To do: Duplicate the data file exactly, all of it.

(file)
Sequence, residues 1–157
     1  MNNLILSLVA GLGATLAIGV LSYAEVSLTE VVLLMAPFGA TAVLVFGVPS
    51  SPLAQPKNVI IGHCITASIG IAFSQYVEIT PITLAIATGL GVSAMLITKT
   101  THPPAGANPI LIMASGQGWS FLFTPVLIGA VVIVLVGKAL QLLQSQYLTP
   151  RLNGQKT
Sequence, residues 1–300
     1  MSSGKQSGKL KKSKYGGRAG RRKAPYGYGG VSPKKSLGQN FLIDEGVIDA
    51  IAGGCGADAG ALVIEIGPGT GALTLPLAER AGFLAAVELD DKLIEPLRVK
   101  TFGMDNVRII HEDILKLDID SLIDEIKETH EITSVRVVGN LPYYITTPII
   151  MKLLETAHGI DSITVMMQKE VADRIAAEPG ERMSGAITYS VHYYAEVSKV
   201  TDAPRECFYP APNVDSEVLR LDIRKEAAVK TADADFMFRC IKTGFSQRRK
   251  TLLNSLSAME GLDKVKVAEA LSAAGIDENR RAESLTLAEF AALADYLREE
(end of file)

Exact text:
Sequence, residues 1–157
     1  MNNLILSLVA GLGATLAIGV LSYAEVSLTE VVLLMAPFGA TAVLVFGVPS
    51  SPLAQPKNVI IGHCITASIG IAFSQYVEIT PITLAIATGL GVSAMLITKT
   101  THPPAGANPI LIMASGQGWS FLFTPVLIGA VVIVLVGKAL QLLQSQYLTP
   151  RLNGQKT
Sequence, residues 1–300
     1  MSSGKQSGKL KKSKYGGRAG RRKAPYGYGG VSPKKSLGQN FLIDEGVIDA
    51  IAGGCGADAG ALVIEIGPGT GALTLPLAER AGFLAAVELD DKLIEPLRVK
   101  TFGMDNVRII HEDILKLDID SLIDEIKETH EITSVRVVGN LPYYITTPII
   151  MKLLETAHGI DSITVMMQKE VADRIAAEPG ERMSGAITYS VHYYAEVSKV
   201  TDAPRECFYP APNVDSEVLR LDIRKEAAVK TADADFMFRC IKTGFSQRRK
   251  TLLNSLSAME GLDKVKVAEA LSAAGIDENR RAESLTLAEF AALADYLREE